Journalist turned author owes debut novel inspiration to “special” Norfolk
- Credit: Paul Thomas
Norfolk is a county which has historically always inspired creatives; from artists, to writers, to poets.
And the debut novel from a Londoner who fell in love with the county has said the area helped inspire him when creating his novel. Paul Thomas, who lives in Coltishall with his wife Mary, has lived in Norfolk for more than half a century, and has been committed to involving himself in local life, as a Princes Trust mentor to young people, yacht club member and officer.
A journalist, with Archant, he hopes his book will seize international market interest – including for its romantic, mysterious rags to riches angle.
He said: 'I love Norfolk, it is so special to me, a mere Londoner. I've been living here for more than half a century, albeit travelling worldwide carrying out several different careers, all involved with writing!
'While I have enjoyed an adventurous, productive life, much of it out of the county, I always want to get back to Norfolk – for its unique character, special people, entertainment, tourism – boats. Oh it has so much. And its so different from much else, some of it bad news, in dear old Britain!'
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The story follows the fictitious adventures of a young Romanian village girl, London nightlife, the ghostly widow of a vampire, a mysterious peer owning a media empire – and the challenge of changing evil to good.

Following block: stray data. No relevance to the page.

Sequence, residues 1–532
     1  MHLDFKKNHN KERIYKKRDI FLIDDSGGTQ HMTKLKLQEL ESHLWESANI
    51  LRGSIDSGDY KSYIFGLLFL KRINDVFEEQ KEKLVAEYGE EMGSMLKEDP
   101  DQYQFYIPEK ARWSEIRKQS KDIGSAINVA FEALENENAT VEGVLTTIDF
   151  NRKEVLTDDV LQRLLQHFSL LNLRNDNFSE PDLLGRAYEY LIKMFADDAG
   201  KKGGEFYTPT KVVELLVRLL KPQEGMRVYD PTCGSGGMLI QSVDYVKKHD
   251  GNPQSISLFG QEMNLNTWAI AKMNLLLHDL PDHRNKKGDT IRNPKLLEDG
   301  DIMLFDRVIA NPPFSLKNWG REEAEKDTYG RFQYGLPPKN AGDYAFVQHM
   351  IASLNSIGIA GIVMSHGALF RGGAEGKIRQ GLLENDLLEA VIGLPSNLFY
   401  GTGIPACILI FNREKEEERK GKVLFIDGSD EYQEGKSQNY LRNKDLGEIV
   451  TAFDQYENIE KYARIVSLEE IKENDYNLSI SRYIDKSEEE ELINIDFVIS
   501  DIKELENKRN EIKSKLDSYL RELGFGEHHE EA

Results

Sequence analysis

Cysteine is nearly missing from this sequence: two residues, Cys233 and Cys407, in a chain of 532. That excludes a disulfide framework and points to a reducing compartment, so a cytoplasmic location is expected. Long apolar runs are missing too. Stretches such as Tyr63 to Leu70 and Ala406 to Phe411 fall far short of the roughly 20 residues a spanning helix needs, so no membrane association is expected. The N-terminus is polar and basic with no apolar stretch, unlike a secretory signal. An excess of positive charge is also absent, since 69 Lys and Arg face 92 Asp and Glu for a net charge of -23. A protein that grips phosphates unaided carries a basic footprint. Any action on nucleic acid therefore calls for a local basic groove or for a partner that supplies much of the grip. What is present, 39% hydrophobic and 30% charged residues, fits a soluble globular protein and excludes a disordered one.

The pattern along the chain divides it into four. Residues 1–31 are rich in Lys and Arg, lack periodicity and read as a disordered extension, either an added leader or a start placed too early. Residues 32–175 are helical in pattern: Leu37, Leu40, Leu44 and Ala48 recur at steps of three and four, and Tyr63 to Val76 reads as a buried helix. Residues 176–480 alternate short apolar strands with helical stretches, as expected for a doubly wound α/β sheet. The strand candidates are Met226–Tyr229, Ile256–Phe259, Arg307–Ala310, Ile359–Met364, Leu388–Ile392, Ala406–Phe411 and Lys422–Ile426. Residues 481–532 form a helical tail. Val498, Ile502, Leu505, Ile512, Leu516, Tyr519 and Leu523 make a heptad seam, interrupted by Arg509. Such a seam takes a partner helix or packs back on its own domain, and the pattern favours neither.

Changing Colours launch is celebrated with a book signing event at Jarrolds in Norwich on May 10.
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Mr Thomas, 78, began work aged 17 as an East London newspaper reporter, then into Fleet Street national newspapers.
This work included reporting on the notorious East End gangsters the Kray Twins – 'very risky times for a young reporter' he said. Memorable too was his interview with Winston Churchill the last time he stood for Parliament.
He said: 'My book isn't dripping blood, or vampirish at all, but the angle involves how you might turn the image of evil into good. And help a poor country improve its image. With 15th century perceptions which may have been wrong, realigning to 21st century thinking, partly using PR tactics.'
The book was a total change which he started in 2007, little progress for eight years then revived with vigour in 2016 and 2017 with publication of Changing Colours now.
'Its hard turning from fact to fiction – but using your imagination, creating heroes and heroines, nice and naughty happenings – and a surprising ending, grabbed me, and its sort of worked,' he said.
Mr Thomas is already working on a sequel.
He praises his family's help, and also his friends for inspiration. They include Norfolk's author Chris Crowther, renowned for his Broads who-dun-its, and Jeffrey Archer, global creator of titles and sales of millions of books – 'a charismatic idol and friend who has hand-written all his wonderful books, I merely type mine.'
Changing Colours, priced £7.99 is available from Jarrolds, all good bookshops, online – and you can visit, order it at: www.aboutchangingcolours.com